Imran Khan sets up a rare showdown with Pakistan’s potent military

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A charismatic 70-year-old retired cricketer with his leg in a cast poses one of the greatest challenges to the dominance of Pakistan’s military in decades.

Pakistan’s 500,000-strong armed forces have long played a decisive role at the heart of the country’s politics, intervening in everything from coups to behind-the-scenes string-pulling in a system rarely questioned by civilian leaders.

But since a gunman pumped three bullets into him last week, former prime minister Imran Khan has become the biggest threat to this status quo in years — by implicating the military in the attempt on his life.

In a searing speech, Khan accused Major General Faisal Naseer of colluding with arch-rival prime minister Shehbaz Sharif to try and kill him. Khan called on army chief General Qamar Javed Bajwa to investigate Naseer.

His allegations have set up a rare public showdown between the wildly popular leader and the most dominant institution in Pakistan. If successful, many analysts believe that Khan’s Pakistan Tehreek e Insaf party will win the next general election, which has to be held in 2023, bringing their leader back to office with far greater clout less than a year after he was ousted in a no-confidence vote.

“Imran is at the peak of his power right now, especially after this assassination attempt,” said Vali Nasr, a political scientist at Johns Hopkins University and former US government adviser on Pakistan. “The military has proved that it’s not capable of dealing with this . . . The more he challenges the military, the more popular he gets.”

Both Sharif and the armed forces strongly deny Khan’s allegations over the shooting, with the army calling the accusation against Naseer “baseless and irresponsible”.

“No one will be allowed to defame the institution or its soldiers with impunity,” it added.

Shehbaz Sharif, pictured, and his allies accuse Imran Khan of recklessly inflaming political tensions for his own gain © Xinhua/Shutterstock

The military has loomed large over Pakistani life ever since its independence from British rule in 1947, when the country was carved out of modern-day India as a homeland for the subcontinent’s Muslims.

While generals have ruled openly through coups and martial law, political scientists said that in recent years they have opted to influence politics from behind the scenes. This system, rarely questioned by the country’s leaders, has prompted political scientists to call Pakistan a “hybrid” democracy that blends civilian electoral politics with military rule. The military denies that it intervenes in politics.

Many believe the armed forces, whose interests span everything from security to business, even quietly helped Khan’s rise to power in 2018 on a welfarist, anti-corruption platform, something both sides deny.

The relationship soured while Khan was in office, however, when he challenged the military’s position on vital issues, including the selection of a new intelligence chief last year.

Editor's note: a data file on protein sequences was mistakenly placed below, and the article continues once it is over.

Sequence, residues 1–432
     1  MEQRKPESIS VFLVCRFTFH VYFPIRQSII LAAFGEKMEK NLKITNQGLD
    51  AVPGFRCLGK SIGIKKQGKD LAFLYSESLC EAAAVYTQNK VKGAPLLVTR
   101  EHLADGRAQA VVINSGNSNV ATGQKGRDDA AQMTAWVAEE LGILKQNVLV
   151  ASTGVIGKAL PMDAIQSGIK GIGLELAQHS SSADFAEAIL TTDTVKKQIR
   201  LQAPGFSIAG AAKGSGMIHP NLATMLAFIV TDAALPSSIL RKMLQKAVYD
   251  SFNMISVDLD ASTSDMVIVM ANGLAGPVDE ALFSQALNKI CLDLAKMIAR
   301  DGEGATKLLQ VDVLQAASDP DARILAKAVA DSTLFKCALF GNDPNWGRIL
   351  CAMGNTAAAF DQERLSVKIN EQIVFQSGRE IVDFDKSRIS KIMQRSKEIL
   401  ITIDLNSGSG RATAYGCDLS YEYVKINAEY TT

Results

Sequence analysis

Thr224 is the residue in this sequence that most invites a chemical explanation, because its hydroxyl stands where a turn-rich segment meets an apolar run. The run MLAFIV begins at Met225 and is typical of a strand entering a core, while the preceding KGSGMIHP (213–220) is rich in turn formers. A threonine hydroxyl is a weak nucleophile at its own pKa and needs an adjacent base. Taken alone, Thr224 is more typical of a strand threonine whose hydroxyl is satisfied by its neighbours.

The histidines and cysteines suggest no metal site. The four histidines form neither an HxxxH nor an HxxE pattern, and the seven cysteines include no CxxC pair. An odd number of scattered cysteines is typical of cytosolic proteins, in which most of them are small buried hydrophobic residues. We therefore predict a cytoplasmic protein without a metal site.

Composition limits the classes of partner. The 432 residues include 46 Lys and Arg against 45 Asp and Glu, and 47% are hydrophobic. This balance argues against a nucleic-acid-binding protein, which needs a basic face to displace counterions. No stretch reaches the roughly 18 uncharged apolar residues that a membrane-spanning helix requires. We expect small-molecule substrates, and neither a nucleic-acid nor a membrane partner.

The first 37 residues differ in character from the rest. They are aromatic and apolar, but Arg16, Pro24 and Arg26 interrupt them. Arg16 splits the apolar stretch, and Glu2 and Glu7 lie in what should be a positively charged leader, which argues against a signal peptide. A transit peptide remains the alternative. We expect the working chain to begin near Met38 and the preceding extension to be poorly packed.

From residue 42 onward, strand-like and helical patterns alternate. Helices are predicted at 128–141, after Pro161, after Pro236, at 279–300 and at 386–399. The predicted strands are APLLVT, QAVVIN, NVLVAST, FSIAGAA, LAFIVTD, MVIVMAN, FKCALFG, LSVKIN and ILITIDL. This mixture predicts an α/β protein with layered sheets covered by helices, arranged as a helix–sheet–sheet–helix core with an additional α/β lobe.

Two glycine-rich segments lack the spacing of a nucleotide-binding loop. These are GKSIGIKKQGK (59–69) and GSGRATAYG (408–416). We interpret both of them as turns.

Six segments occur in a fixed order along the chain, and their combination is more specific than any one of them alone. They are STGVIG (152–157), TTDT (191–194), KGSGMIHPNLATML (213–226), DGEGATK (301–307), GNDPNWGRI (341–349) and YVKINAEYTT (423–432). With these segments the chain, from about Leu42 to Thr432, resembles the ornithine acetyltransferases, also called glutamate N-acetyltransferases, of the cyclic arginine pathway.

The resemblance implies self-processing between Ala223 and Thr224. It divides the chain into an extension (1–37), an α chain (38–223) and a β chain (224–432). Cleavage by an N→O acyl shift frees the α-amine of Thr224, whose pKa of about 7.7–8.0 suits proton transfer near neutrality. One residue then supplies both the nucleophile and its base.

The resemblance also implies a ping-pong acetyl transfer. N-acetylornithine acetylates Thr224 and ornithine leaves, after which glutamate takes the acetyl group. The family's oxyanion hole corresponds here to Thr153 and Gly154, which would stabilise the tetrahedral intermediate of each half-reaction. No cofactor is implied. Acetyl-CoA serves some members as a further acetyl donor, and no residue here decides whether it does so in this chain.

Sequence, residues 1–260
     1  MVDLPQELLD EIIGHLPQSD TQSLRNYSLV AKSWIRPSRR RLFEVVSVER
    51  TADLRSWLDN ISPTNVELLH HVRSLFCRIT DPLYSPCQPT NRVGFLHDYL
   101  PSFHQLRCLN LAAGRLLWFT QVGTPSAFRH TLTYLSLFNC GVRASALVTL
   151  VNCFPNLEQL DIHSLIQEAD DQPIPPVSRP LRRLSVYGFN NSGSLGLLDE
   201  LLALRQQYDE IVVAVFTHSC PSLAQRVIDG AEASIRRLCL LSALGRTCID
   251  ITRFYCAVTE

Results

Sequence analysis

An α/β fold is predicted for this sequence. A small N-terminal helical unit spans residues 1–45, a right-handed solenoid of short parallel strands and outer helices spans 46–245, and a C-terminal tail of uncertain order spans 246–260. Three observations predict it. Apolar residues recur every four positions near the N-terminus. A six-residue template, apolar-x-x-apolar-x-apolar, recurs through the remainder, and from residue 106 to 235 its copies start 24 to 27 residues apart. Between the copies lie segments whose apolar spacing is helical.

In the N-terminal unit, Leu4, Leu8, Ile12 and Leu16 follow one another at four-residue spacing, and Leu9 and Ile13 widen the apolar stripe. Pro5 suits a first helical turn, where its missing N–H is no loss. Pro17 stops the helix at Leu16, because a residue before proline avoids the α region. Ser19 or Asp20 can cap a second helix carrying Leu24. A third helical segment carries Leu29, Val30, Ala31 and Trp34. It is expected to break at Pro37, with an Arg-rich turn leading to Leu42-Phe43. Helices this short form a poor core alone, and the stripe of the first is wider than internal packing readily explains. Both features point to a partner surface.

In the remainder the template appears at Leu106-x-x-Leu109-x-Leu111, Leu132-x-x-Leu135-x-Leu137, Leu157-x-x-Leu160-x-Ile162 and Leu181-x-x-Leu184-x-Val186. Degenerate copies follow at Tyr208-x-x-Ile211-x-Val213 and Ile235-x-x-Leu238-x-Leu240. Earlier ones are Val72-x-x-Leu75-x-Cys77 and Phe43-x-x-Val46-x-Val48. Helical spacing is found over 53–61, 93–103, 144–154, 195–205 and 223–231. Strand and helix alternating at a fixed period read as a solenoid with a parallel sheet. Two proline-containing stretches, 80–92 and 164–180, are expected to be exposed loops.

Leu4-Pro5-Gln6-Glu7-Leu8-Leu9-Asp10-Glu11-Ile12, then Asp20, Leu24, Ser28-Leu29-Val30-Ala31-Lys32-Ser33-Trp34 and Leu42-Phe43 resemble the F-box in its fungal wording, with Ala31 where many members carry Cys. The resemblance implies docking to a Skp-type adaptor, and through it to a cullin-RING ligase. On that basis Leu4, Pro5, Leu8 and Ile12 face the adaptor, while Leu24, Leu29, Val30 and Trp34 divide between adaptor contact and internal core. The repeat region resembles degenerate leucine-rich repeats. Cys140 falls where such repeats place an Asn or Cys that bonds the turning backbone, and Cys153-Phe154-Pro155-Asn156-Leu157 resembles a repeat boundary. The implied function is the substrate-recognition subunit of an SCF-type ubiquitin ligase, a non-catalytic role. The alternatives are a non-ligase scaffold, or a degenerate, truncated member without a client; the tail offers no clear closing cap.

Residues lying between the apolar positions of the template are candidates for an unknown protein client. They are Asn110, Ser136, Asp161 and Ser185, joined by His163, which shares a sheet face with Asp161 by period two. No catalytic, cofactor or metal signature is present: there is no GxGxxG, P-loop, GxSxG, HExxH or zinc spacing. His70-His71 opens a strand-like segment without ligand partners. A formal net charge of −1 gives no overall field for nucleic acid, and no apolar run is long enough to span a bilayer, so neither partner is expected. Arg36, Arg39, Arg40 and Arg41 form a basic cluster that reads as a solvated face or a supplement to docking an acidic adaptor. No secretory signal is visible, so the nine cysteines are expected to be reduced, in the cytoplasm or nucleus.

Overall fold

The fallout, combined with Pakistan’s worsening economic outlook, paved the way for his removal in April, with the military’s tacit assent, according to officials.

But if they expected Khan to fade into obscurity, this proved a dramatic miscalculation. With the economy in crisis under a painful IMF programme, the PTI leader has railed against the mismanagement and alleged venality of ruling elites, transforming his party into a unique movement with enough clout to confront the generals.

Imran Khan’s supporters at a protest in Karachi, Pakistan, on November 2022
Imran Khan’s supporters at a protest in Karachi on Saturday. He has gained popularity for challenging the military © Rizwan Tabassum/AFP/Getty Images

“Imran Khan’s popularity is significantly higher than anybody anticipated,” said Azeem Ibrahim, a director at the New Lines Institute think-tank in Washington and a former adviser to Khan. The PTI leader has successfully pushed a narrative “that the country is in chaos and people in power are manipulating the system to benefit themselves”.

Sharif and his allies accuse him of recklessly inflaming political tensions for his own gain and he faces several legal cases, including over the alleged misdeclaration of assets, that could bar him from contesting elections.

Some critics, however, view Khan’s attacks on the military as a cynical negotiating ploy by lambasting them in public to force them to back him.

“This is just a tactic to mount pressure on the military to concede to his demands, which are to remove the coalition government and force early elections,” said Maleeha Lodhi, a former Pakistan diplomat. “Far from opposing military intervention in politics, he wants the army to intervene on his behalf.”

The stakes are particularly high ahead of the selection this month of a new army chief, following the retirement of Bajwa.

With the winning candidate able to influence Pakistani politics for years to come, analysts argued that Khan’s attempts to bring down Sharif have acquired particular urgency as the former prime minister wants to have a say in the decision.

However emphatic Khan’s challenges appear, though, analysts said there was little appetite for overhauling the status quo of “hybrid” rule in the long term.

“While this episode will weaken the current system in Pakistan in some respects,” said Elizabeth Threlkeld, a senior fellow at the Stimson Center, a Washington think-tank, and former US diplomat in Pakistan, “elites across the political, bureaucratic and military spectrum remain invested in its perpetuation.”

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